Monday, December 8, 2014

Tolstoy, Gandhi, and the Age of Dissonance

An unexplored fact about Leo Tolstoy is that he was always fascinated with Indian culture and the Hindu religion. He even wrote “A Letter to A Hindu”, outlining his theological and philosophical perception of the Hindu vedas and responding to Mahatma Gandhi’s pleas for support in the Indian Nationalist Movement. Reading about this introduced me to the idea that Tolstoy had a wealth of knowledge about Hinduism- knowledge that inevitably must have pervaded his writing.

Music and Dance can been seen prevalently throughout Tolstoy’s novel- in the scene with the ballroom dance, in Natasha’s dance at uncle’s, and in Nicholas and Sonya’s dance. In Indian culture, dance or ‘tandav’ is often used to express anger, or war. So could the recurring theme of music and dance be an allegorical reference to the novel’s title, “War and Peace”? Music and dance have a long history in Indian culture in depicting emotions and stories. Classical Indian dances like the Odissi and Bharatnatyam use expressions and body language to highlight peaceful and angry emotions. Is it intentional then that the book’s many emotionally charged scenes unfold at dances and parties? In my opinion, the scene where Natasha decides that she loves Anatole is one of the most emotionally charged, and also takes place at a dance. Perhaps this was a subconscious effort to introduce dramatic flair to her dilemma.


Tolstoy’s own experiences have clearly painted a lot of his writings, and his interest in Hindu culture is not exempt from that. Dance and Music, War and Peace, Lust and Love- all merge into a single metaphor by the end of the novel, and culminate in what is a testament to all of Tolstoy’s life experiences.

Sources:
http://www.gutenberg.org/files/7176/7176-h/7176-h.htm

9 comments:

  1. Wow. That's really interesting and I had no idea. I defiantly agree with the idea this book and really all his works are part of him. They tell about his life and interests. We see it in Pierre and Nicholas, they reflective his problems and questions and personality.

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    1. You're right! I think all authors subconsciously put parts of them into their works, and Tolstoy was no exception.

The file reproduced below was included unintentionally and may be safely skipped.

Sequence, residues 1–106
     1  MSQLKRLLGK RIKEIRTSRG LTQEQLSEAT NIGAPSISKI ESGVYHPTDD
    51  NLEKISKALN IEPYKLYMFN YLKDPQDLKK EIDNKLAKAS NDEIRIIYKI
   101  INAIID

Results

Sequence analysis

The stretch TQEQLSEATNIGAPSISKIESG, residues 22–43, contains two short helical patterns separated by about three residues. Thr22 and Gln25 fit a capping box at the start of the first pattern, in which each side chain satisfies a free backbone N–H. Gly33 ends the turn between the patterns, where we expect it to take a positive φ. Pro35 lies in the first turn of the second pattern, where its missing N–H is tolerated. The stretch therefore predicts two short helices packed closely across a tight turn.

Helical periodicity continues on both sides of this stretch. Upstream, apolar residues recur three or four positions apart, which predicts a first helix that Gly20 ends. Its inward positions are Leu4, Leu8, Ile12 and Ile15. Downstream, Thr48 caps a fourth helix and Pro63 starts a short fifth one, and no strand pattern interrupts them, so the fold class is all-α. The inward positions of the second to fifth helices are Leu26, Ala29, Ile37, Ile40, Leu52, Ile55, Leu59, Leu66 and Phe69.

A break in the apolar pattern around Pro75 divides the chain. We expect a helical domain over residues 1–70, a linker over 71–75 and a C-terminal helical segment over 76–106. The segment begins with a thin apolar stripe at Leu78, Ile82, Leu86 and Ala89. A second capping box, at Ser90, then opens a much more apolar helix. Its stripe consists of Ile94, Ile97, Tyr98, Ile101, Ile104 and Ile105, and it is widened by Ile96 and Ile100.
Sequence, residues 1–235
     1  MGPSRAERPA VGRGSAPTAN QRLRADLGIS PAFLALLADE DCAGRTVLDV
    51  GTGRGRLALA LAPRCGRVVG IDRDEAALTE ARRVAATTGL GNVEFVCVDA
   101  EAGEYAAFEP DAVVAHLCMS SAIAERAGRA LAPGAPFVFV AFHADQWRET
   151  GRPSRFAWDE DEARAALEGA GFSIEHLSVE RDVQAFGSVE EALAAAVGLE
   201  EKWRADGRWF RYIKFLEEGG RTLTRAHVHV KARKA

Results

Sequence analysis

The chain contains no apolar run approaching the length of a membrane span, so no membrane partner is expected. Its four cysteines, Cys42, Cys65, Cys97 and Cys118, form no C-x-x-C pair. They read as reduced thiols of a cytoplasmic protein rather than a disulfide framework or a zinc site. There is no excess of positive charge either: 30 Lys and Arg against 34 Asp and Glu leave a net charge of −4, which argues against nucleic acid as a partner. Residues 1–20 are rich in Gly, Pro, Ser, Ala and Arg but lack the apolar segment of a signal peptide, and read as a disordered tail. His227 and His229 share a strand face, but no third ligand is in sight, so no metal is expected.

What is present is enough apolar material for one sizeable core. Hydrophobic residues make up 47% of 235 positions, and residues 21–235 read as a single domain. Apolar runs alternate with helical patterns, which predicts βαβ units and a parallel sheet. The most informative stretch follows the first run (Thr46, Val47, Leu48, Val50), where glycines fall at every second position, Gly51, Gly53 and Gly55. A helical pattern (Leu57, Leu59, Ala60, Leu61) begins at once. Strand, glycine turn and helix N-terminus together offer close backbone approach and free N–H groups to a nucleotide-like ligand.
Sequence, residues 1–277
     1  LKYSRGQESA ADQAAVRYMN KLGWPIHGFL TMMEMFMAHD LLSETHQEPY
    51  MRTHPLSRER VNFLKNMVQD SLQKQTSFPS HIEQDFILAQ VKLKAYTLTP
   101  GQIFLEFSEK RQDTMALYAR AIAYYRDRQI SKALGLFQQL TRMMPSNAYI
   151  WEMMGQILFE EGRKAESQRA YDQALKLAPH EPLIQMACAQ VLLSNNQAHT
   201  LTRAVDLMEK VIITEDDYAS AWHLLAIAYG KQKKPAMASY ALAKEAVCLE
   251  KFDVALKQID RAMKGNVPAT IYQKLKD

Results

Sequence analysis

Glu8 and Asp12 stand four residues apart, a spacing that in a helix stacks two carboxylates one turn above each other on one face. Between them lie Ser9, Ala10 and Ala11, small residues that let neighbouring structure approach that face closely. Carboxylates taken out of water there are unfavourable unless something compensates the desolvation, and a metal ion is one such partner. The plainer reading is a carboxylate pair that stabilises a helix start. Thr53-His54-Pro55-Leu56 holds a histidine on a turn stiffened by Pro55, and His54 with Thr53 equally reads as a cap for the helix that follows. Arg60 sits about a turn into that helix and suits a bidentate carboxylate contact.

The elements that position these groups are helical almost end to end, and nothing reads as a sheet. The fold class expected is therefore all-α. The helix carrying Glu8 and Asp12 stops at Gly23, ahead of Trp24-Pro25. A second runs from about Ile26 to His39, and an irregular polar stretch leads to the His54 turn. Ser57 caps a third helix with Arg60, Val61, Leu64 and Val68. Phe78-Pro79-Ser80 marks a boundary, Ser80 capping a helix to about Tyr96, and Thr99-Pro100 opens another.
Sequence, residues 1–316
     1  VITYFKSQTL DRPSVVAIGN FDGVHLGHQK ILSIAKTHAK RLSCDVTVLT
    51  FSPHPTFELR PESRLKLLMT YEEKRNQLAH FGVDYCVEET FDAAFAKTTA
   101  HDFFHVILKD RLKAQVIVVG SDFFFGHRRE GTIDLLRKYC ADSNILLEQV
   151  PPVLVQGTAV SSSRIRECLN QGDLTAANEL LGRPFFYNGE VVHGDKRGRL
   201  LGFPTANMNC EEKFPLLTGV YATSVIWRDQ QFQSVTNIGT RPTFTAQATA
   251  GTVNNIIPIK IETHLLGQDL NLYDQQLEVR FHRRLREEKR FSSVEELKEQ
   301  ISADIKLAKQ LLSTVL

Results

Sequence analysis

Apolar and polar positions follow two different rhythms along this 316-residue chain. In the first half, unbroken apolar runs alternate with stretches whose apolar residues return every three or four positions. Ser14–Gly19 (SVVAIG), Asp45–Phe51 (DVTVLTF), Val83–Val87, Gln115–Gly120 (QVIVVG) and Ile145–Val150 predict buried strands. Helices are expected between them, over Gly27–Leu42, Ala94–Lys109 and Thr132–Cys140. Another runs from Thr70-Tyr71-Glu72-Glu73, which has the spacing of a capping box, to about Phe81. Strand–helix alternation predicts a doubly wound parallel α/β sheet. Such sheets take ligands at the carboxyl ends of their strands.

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  2. I understand what you're saying in a sense that Tolstoy does uses dances as a place to show certain characters' emotions. But, I was lost with the connection to the Indian dances. Could you further explain that?

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    1. Tolstoy was very interested in Hinduism and had read a lot of Hindu religious texts. Dance and music is a huge part of Hindu religion and culture, and many god's and deities have either of these attributed to them (in different forms). What I was trying to put across was that perhaps Tolstoy's knowledge of Hindu culture and the role of dance in it, led him to perceive dance as representative of war. That would mean that war was represented by dance, and peace was represented by music, and just as music and dance must coexist, so must War and Peace. I was trying to juxtapose his pairing of war and peace with the pairing of music and dance that repeatedly shows up throughout the book. I hope I explained it well enough!

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  3. Thank you for teaching me something new! I had no idea Tolstoy and Gandhi had a connection. It just shows Tolstoy's wide reach and influence as well as his broad use of resources and influences.

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  4. I had no idea that Tolstoy was so heavily influenced by Hindu culture. I wonder what he was exposed to or what made him become so interested in it?

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